Humans that lived hundreds of years ago would be overwhelmed with envy if they could see the riches we have today.
From a quality of life standpoint, there’s no better time to be alive than in the 21st century; delicious food, clean water, and safe shelter can be found in abundance while endless hours of communication, entertainment, and discovery are just a tap away on our smartphones.
Why then, does it feel as if something is missing?
Charles Murray sums up this sense of ennui in his book, “Human Accomplishment: The Pursuit of Excellence in the Arts and Sciences, 800 B.C. to 1950,” writing,
“. . .we cannot be satisfied with a culture that turns out nothing but shiny, craftsmanlike entertainments. We may outstrip our forebears in wealth, creature comforts, health, and lifespan. We may outstrip them in the breadth of political freedom and equality our governments provide. But a culture that is unable to compete with the past’s greatest expressions of the human spirit is in some sense a backward culture. . .”
Murray goes on to suggest that we can no longer express ourselves in a meaningful way because we have lost our sense of place in the world,
“Human beings have been most magnificently productive and reached their highest cultural peaks in the times and places where humans have thought most deeply about their place in the universe and been most convinced they have one. What does that tell us?”
While there are still those who believe they have a grand purpose to fulfill in the world and, as a result, are capable of producing wonderful works of art and genius inventions, their kind are few and far between.
Nowadays, it seems that instead of contemplating their place in the universe, people are doing the complete opposite — denying they have one at all. I could go so far as to say that many people feel commoditized. Look no further than Tinder for proof.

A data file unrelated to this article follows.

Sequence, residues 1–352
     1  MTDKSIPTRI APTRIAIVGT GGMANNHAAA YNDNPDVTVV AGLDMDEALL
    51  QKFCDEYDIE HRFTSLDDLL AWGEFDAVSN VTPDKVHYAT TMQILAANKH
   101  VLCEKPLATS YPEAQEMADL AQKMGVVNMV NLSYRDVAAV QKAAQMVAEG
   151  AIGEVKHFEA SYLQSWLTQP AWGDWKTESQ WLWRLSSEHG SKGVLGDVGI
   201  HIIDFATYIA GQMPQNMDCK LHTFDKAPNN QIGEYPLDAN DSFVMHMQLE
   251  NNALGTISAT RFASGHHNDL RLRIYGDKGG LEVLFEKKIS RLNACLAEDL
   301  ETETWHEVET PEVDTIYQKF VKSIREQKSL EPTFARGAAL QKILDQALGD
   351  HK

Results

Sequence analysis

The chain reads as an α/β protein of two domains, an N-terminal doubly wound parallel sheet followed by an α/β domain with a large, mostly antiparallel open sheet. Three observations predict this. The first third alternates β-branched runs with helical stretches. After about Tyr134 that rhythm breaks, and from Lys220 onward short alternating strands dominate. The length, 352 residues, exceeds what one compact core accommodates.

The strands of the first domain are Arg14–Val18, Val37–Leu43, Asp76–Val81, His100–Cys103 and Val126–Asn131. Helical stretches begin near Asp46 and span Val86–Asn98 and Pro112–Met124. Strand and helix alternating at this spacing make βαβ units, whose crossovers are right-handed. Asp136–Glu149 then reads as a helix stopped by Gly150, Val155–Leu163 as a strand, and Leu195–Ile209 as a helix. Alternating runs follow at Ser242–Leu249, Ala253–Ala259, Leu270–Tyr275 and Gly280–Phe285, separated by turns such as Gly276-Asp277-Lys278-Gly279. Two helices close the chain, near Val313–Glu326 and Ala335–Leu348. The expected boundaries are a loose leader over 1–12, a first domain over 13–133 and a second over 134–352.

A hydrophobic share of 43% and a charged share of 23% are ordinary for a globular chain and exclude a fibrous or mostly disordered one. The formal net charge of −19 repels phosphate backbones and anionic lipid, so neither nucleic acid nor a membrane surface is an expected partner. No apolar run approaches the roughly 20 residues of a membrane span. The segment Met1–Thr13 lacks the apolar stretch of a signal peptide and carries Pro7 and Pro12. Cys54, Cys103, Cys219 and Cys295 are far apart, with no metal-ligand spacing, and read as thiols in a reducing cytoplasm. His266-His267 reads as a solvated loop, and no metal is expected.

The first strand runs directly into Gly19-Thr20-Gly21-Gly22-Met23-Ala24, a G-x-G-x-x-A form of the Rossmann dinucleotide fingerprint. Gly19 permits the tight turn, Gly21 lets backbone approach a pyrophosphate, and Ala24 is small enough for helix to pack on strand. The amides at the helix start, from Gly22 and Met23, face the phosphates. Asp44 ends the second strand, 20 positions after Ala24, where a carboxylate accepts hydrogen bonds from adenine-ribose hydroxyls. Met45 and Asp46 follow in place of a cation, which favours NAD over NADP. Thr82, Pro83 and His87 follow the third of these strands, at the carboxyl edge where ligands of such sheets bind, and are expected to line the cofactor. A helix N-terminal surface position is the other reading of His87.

In a Guardian article titled, “Sunny nihilism: ‘Since discovering I’m worthless my life has felt precious,” Wendy Syfret writes,
“If meaning and purpose are overrated illusions, then so is any sense that you are special or destined for greater things. [Nihilism is] a balm for a group burning out over exceptionalism, economic downturns, performative excellence, housing crises and living your best life on Instagram.”
Ms. Syfret hits the nail on the head. The resurgence of nihilism today is a byproduct of our culture — one where nothing is ever good enough and where appearances on social media are more important than reality. Can you imagine a more maddening society? It’s no wonder why upcoming generations, disillusioned by a world as vacuous as ours, are beginning to embrace nihilistic thought.
However, it is this nihilistic thought that I believe holds us back from creating inspiring works akin to Michaelangelo’s Statue of David, or achieving revelations as world-changing as Aristotle’s discovery of formal logic. It could even be something as simple as a novel business idea that serves your community.
As Jordan Peterson once said in a lecture,
“It [nihilism] forestalls effort. It forestalls the ability to discover for yourself.”
Without intense effort, without embarking on a journey of self-discovery, how can we ever rival the productivity and creativity of those that came before us?
Awe-inspiring expressions of human culture and energy are more than eye candy or food for thought; they are manifestations of the human element. These manifestations — whether they are sculptures, poems, songs, theories, or inventions — force us to question the nature of our very existence, allowing us to “pierce the veil” of conventional thought. Moreover, they are the glue that binds us all together.
However, their creation is not possible without ambitious entrepreneurs, artists, thinkers, innovators, and scientists who believe there is deep meaning in life and human engagement. If we are to one day become the giants whose shoulders others stand upon, we must all search for this meaning ourselves.